Do you have brothers and/or sisters? What is your relationship like with your sibling(s)? If you have a sibling, you have likely had some challenging interactions with them and it’s possible that you might have some hot spots or tension with them now as an adult. For myself, I had a brother who was eight years older than me, and we didn’t have a close relationship in any way. There are lots of reasons why we weren’t close and maybe most of all, we had drastically different personalities and values.
In terms of Jacob’s sibling relationship, he had a twin brother named Esau. It seems to me that from the outset, even in their mom’s womb, these brothers were in conflict and tension. Consider God’s reply to Rebecca, their mom, when she asked why her pregnancy was tumultuous. In Genesis 25:23 we read, “The Lord said to her, ‘Two nations are in your womb; And two peoples will be separated from your body; And one people shall be stronger than the other; And the older shall serve the younger.’”
God’s answer to Rebecca’s question is pretty much the summation of the relationship between Jacob and Esau. Although Jacob was the younger twin, even during his birth, he was grasping to hold his place as we read in Genesis 25:26a, “Afterward his brother came forth with his hand holding on to Esau’s heel, so his name was called Jacob; . . . .” The contrasts between Jacob and Esau continued throughout their upbringing, displayed in their personalities (Genesis 25:27) and parental preferences. In Genesis 25:28 we read, “Now Isaac loved Esau, because he had a taste for game, but Rebekah loved Jacob.”
Even though Jacob and Esau grew into young adults, their relationship didn’t settle into a peaceful co-existence. Jacob took advantage of Esau’s hunger and impulsive choices when he bartered with Esau for his birthright so that Esau could eat a bowl of lentil soup that Jacob had cooked. In an even more manipulative scheme, Jacob acquired his dad’s blessing for Esau, when he pretended that he was his older brother. You can read about that fiasco in Genesis 27.
Because of these conflicts and Esau’s threats to kill his younger twin, Jacob ran for his life and wound up spending twenty years with his uncle, Laban. During these “exile years,” Jacob gained lots of wealth, a few wives and maidservants, along with probably more than a dozen kids. At the end of his employment under his uncle, Jacob decided to leave what was comfortable and familiar to return to his homeland even though this meant that he would meet up with his older twin. The last time Jacob had been around him, Esau was beyond irate and was threatening to kill Jacob. Understandably, Jacob was nervous to meet Esau.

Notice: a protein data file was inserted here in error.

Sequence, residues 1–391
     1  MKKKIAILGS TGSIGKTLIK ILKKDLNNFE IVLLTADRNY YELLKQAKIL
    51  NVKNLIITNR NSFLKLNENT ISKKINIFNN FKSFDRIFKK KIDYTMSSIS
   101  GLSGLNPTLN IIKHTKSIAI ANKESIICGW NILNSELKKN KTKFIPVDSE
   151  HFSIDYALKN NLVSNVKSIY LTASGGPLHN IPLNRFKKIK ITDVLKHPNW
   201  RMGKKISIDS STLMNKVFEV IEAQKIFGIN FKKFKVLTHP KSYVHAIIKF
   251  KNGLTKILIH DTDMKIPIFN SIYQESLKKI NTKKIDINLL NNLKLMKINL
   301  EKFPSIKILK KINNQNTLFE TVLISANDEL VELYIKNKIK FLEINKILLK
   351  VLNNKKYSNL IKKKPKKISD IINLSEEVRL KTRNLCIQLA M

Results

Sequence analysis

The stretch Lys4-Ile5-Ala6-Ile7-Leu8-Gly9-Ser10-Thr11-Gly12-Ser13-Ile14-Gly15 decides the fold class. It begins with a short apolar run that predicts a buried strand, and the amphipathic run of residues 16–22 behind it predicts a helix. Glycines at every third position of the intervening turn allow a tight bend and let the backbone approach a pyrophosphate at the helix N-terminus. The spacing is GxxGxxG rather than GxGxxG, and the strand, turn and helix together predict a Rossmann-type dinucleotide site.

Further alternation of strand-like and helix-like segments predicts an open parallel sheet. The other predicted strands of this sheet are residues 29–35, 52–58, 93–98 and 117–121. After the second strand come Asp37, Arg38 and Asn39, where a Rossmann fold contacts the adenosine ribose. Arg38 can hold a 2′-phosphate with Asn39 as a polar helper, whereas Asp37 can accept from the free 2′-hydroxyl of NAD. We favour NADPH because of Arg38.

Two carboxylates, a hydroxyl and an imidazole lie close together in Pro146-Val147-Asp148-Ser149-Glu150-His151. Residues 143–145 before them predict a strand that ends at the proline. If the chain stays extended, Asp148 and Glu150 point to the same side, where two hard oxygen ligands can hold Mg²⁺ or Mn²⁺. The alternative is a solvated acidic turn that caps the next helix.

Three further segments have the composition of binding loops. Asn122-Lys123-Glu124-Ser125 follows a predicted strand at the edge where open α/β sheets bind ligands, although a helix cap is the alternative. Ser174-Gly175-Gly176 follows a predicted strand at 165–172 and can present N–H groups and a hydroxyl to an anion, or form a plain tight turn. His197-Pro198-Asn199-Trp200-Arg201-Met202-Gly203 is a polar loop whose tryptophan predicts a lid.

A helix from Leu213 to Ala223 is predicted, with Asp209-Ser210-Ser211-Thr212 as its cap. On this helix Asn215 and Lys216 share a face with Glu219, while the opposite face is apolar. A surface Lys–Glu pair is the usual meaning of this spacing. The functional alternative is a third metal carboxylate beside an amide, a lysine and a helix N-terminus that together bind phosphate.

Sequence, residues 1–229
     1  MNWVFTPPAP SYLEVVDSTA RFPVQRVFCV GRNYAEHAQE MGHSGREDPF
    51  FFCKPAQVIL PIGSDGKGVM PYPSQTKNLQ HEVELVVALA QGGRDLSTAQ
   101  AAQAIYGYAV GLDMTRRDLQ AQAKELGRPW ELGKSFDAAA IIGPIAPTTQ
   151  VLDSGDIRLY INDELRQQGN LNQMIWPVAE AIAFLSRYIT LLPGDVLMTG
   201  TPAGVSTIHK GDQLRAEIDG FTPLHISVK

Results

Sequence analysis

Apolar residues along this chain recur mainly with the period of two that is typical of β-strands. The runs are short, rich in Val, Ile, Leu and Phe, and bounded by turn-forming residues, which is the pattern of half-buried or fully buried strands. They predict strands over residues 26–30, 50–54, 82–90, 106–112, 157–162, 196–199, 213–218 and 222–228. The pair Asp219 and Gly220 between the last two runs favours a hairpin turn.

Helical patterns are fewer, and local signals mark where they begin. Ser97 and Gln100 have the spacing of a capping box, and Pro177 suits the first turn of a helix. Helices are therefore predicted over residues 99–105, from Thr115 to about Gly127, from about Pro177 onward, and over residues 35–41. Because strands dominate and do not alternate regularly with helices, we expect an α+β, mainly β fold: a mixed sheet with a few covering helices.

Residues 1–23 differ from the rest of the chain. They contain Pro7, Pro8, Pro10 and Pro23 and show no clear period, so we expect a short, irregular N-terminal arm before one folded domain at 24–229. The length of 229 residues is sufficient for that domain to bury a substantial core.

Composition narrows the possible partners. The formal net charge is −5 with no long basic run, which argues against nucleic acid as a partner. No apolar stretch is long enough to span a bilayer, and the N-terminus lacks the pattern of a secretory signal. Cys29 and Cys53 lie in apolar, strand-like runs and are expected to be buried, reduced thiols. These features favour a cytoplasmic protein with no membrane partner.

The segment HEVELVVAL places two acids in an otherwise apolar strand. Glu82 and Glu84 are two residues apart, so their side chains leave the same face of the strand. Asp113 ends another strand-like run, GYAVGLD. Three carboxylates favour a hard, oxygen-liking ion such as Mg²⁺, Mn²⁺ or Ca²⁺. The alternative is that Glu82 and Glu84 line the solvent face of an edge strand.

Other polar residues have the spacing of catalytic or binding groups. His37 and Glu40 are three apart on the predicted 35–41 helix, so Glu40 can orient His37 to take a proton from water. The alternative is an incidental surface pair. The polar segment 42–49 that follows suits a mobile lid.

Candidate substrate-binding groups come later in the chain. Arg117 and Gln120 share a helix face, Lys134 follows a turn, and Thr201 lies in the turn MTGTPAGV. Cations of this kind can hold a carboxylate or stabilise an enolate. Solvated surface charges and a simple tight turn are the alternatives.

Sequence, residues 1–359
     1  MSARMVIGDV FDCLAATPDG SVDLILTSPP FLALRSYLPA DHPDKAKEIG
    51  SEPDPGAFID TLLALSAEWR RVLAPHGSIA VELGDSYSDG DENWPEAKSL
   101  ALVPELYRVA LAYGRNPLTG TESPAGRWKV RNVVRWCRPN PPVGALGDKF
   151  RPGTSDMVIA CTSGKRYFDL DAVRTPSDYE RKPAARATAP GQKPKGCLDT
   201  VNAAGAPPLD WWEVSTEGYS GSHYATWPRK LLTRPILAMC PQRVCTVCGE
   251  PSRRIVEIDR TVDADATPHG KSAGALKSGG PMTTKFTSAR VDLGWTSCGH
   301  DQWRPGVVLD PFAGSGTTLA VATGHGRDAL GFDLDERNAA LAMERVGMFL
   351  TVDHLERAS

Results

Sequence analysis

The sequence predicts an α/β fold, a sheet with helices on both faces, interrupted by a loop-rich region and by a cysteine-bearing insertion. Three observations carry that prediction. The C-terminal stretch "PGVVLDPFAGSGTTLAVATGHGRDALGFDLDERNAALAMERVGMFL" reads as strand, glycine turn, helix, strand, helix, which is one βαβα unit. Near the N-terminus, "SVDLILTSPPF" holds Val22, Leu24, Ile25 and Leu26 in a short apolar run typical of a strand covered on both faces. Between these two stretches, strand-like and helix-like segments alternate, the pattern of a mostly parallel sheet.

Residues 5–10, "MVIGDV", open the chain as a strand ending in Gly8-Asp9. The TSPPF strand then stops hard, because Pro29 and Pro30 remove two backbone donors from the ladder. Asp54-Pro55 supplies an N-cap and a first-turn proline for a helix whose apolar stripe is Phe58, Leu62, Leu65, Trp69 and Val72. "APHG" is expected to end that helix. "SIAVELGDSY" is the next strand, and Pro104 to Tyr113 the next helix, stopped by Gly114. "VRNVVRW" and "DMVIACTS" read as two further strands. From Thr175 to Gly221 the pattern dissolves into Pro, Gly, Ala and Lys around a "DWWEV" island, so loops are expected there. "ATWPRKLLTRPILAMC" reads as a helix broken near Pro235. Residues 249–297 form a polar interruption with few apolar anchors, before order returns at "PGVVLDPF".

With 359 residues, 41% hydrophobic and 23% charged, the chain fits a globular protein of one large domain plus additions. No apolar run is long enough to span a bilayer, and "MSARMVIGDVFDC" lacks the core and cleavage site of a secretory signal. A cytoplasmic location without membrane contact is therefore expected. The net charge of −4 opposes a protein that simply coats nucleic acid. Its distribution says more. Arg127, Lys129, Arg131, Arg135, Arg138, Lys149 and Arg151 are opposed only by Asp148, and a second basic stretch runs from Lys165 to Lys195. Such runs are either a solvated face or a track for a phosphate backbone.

Jacob split up his family and wealth, to prepare for Esau’s possibly deadly engagement, so that at least half of these priorities would survive a possible slaughter from his brother. Additionally, Jacob sent three installments of gifts to Esau to placate his anger and probably “buy” some favor for himself.
When these brothers finally met, after a few decades and lots of anxiety and anger, we see that Esau had laid down his intent to murder his twin and Jacob was relieved to experience a form of reconciliation with Esau. After this meeting, the brothers went their separate ways and we never again read that there was animosity and murderous intent.
So how could Jacob’s conversations with his brother be helpful to us today? I think there are some good takeaways that we could consider from looking at these twins. Here’s some food for thought:
- Let’s be careful that what happened in our childhood and teen years doesn’t control nor define our adult interactions with our siblings.
- Let’s give space and opportunities for our siblings to grow and change.
- Be certain to keep your forgiveness of your brother/sister fresh so that past wounds don’t control or dominate present interactions.
- Be willing to have some reconciliation with your brother/sister, but that doesn’t mean that you have to be close nor intimate with them now.
Siblings are interesting gifts from God, where we can explore robust forgiveness and individuality!